Words Matter: ‘Said’ or ‘The’ in Claim Refers Back to Initial Phrase, Even If Multiple Elements

Client Alert

In Infernal Technology, LLC v. Activision Blizzard Inc.,1 the U.S. Court of Appeals for the Federal Circuit reaffirmed the long-standing principle that in grammatical terms, use of “said” or “the” in a claim are anaphoric phrases, referring to the initial antecedent phrase, even when the initial phrase refers to one or more elements.

Infernal Technology, LLC, sued Activision Blizzard Inc. for infringement of U.S. Patent Nos. 6,362,822 (’822 patent) and 7,061,488 (’488 patent), accusing 19 Activision video games (Accused Games) of infringement. Both patents, titled “Lighting and Shadowing Methods and Arrangements for Use in Computer Graphic Simulations,” were directed to methods of enhancing how light and shadow are presented in computer graphics.2 Claim 1 of the ’822 patent recited the following:

1. A shadow rendering method for use in a computer system, the method comprising the steps of:

[1(a)] providing observer data of a simulated multidimensional scene;

[1(b)] providing lighting data associated with a plurality of simulated light sources arranged to illuminate said scene, said lighting data including light image data;

[1(c)] for each of said plurality of light sources, comparing at least a portion of said observer data with at least a portion of said lighting data to determine if a modeled point within said scene is illuminated by said light source and storing at least a portion of said light image data associated with said point and said light source in a light accumulation buffer; and then

[1(d)] combining at least a portion of said light accumulation buffer with said observer data; and

[1(e)] displaying resulting image data to a computer screen.3

The parties agreed the term “observer data” meant “data representing at least the color of objects in a simulated multidimensional scene as viewed from an observer’s perspective,” and the district court approved this interpretation.4 Relying on the plain and ordinary meaning of the phrase “said observer data” in step 1(d), which used the district court’s interpretation, Activision filed for summary judgment of noninfringement, which the district court granted.

Infernal appealed, and the Federal Circuit affirmed. Infernal contended that the district court mistakenly awarded summary judgment of noninfringement by misemploying its own interpretation of “observer data” and by determining that the Accused Games could not perform the claimed steps in the claimed arrangement.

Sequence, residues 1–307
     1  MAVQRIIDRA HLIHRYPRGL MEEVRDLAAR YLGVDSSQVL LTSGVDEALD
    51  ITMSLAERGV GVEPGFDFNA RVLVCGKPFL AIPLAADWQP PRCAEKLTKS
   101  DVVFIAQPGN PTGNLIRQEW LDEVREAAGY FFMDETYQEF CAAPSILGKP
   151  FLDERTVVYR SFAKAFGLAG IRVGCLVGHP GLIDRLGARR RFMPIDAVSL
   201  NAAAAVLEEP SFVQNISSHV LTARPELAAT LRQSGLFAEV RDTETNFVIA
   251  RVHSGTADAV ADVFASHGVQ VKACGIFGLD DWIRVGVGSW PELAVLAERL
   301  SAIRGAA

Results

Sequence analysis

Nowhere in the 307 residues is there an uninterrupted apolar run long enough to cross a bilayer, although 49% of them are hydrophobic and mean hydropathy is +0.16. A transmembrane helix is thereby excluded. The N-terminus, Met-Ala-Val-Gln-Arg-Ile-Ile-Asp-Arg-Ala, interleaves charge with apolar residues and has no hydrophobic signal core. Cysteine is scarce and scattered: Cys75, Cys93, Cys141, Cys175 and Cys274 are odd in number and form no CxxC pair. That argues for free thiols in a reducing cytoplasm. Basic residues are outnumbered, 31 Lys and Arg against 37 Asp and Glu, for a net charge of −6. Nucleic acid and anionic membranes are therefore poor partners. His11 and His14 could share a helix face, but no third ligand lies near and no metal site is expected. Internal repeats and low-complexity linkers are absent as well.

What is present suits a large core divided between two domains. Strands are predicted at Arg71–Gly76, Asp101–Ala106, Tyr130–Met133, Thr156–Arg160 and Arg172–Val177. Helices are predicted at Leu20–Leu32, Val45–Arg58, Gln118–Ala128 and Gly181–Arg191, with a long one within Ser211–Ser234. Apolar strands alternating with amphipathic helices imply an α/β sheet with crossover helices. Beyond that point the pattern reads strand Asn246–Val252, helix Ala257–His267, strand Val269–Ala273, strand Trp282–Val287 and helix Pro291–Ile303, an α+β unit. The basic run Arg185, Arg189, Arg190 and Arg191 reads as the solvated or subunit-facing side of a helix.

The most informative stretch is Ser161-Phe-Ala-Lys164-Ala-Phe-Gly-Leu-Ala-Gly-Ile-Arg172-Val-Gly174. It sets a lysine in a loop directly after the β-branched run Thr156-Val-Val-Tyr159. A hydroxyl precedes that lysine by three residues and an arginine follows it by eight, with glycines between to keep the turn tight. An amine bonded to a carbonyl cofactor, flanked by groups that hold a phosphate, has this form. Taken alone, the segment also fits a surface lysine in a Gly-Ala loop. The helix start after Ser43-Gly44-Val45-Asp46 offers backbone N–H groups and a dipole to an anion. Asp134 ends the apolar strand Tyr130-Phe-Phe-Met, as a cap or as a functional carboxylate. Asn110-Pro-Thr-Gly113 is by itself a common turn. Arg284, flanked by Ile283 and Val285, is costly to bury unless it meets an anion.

Although the parties agreed on appeal on the construction of “observer data,” the parties disagreed whether the term “observer data” could modify or encompass different data sets in steps 1(a), 1(c) and 1(d), where each different data set mapped to a specific step.5 The court held that this claim term could not. Specifically, the phrase “observer data” appears in three steps in claim 1 of the ’822 patent:

(1) “providing observer data” in step 1(a);
(2) “comparing at least a portion of said observer data” in step 1(c); and
(3) “combining ... with said observer data” in step 1(d).6

The court noted that the

parties do not dispute the long-standing principle that “[i]n grammatical terms, the instances of [‘said’] in the claim are anaphoric phrases, referring to the initial antecedent phrase.” … Under this principle, the term “said observer data” recited in steps 1(c) and 1(d) must refer back to the “observer data” recited in step 1(a)—i.e., the “observer data” in step 1(a) is the same “observer data” in steps 1(c) and 1(d). This conclusion holds even though the district court’s construction of “observer data” is open-ended such that it encompasses “at least color data” as well as other types of data.7

The court commented that the later use of definite articles “said” or “the” in a claim to refer to the same claim language provided earlier does not modify the general plural rule of a claim term but merely denotes that non-singular interpretation. The court also reasoned that this interpretation of the observer data was consistent with prior court decisions that held use of the word “said” or “the” refers back to the initial claim phrase, even when the initial phrase encompasses one or more elements. Thus, the court held:

Although the initial “observer data” in step 1(a) includes data that is “at least color data,” the use of the word “said” indicates that each subsequent instance of “said observer data” must refer back to the same “observer data” initially referred to in step 1(a). An open-ended construction of “observer data” (“data representing at least the color of objects”) does not permit each instance of “observer data” in a claim to refer to an independent set of data. Thus, the term “observer data” cannot refer to different data among steps 1(a), 1(c)[] and 1(d).8